Australian Construction Giant CIMIC Writes Off Disastrous Arabian Adventure, After Being Bludgeoned over Opaque Debts

Shares plunged 20% on the spot, and are down 44% in nine months

The shares of CIMIC, Australia’s largest construction company, plunged 20% on Thursday to a four-year low, wiping AU$2.2 billion (US$1.5 billion) off its market value, following news that the company was abandoning its Middle Eastern operations with the sale of its stake in BIC Contracting (BICC). The firm expects to suffer a AU$1.8 billion ($1.23 billion) charge-off after failing to recover debts owed for projects built (or in some cases, barely built at all) at the tail end of Dubai’s property bubble.

CIMIC’s stock has plunged 44% since April, when the Hong Kong-based research group, GMT, had released a report that accused the company of using reverse factoring agreements with banks and financial institutions to create the illusion of cash flow, reduce the appearance of debt, and lower its leverage ratios:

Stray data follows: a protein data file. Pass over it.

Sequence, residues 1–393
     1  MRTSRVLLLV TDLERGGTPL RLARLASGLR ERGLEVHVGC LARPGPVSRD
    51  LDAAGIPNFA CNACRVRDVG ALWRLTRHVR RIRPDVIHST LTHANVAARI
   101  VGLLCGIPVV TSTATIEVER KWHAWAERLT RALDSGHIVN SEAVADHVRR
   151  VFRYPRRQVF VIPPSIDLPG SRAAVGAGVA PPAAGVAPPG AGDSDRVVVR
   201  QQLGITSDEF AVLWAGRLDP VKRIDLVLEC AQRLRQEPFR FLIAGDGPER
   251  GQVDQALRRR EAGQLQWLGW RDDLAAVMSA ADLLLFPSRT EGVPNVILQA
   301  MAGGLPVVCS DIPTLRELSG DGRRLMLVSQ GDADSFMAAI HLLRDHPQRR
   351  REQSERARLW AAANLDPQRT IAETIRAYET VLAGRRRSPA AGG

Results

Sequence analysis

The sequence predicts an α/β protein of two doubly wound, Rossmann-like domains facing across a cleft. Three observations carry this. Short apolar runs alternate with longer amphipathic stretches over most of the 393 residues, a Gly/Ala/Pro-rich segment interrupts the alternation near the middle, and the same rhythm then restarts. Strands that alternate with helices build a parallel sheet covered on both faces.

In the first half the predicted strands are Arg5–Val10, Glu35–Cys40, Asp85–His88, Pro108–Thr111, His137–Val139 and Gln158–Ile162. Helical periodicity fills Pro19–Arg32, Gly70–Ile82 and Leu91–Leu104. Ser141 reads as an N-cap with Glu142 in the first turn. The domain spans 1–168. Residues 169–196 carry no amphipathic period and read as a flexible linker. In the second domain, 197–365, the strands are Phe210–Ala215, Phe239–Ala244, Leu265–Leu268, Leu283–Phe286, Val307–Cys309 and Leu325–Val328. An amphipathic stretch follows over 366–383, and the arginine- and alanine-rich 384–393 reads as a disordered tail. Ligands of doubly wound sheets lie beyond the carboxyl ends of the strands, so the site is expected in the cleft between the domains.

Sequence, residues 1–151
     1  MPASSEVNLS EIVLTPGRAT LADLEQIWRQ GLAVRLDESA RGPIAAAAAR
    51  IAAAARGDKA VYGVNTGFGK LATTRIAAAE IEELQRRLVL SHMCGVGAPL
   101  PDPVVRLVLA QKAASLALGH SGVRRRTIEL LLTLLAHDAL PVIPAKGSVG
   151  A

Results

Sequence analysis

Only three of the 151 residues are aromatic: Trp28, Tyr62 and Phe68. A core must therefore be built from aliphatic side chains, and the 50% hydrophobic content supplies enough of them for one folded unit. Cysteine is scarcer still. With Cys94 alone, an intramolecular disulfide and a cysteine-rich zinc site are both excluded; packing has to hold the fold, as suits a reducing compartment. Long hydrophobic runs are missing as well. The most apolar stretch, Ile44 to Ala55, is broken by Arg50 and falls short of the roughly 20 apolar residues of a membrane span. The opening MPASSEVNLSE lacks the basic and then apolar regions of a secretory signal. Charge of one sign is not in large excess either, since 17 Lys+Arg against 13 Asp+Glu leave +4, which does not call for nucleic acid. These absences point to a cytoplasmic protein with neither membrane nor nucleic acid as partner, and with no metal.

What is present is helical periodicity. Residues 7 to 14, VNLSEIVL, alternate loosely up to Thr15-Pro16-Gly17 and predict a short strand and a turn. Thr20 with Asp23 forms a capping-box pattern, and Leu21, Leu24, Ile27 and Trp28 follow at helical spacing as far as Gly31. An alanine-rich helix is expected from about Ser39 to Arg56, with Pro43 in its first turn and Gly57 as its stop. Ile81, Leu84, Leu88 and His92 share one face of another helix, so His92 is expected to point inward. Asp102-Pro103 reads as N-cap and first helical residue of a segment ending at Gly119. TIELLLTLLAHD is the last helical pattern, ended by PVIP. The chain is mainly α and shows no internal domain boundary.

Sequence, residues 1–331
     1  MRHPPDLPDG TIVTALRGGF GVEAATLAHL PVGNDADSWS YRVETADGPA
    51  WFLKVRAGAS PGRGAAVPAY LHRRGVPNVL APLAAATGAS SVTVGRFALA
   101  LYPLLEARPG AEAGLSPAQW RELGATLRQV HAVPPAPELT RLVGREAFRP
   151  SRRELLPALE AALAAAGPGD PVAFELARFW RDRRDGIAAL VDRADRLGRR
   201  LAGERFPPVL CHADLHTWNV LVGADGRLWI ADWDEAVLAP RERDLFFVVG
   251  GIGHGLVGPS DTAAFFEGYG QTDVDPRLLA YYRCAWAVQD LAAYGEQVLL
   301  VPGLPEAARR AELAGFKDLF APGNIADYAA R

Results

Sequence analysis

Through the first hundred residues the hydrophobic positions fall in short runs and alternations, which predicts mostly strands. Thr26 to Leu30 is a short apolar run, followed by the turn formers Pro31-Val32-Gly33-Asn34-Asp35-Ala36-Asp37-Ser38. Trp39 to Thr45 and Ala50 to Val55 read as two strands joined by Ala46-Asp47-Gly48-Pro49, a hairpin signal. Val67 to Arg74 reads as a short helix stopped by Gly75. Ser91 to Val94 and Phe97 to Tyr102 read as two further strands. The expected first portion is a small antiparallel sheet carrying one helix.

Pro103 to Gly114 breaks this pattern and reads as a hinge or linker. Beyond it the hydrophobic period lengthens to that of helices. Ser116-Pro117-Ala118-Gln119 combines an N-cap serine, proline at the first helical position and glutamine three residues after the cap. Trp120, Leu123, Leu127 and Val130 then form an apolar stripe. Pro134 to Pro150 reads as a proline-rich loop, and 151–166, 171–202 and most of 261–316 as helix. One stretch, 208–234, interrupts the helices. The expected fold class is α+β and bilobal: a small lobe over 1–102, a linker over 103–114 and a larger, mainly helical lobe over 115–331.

CIMIC (formerly known as Leighton Holdings before being acquired by Spain’s Grupo ACS) builds many of Australia’s biggest infrastructure projects, including Melbourne’s $6.7 billion West Gate Tunnel and Sydney’s Metro City. It is also the world’s largest contract miner. The company is majority owned by German construction giant Hochtief, which itself is majority owned by ACS, the world’s seventh largest construction and services company (by sales), following its acquisition of the German firm in 2011.

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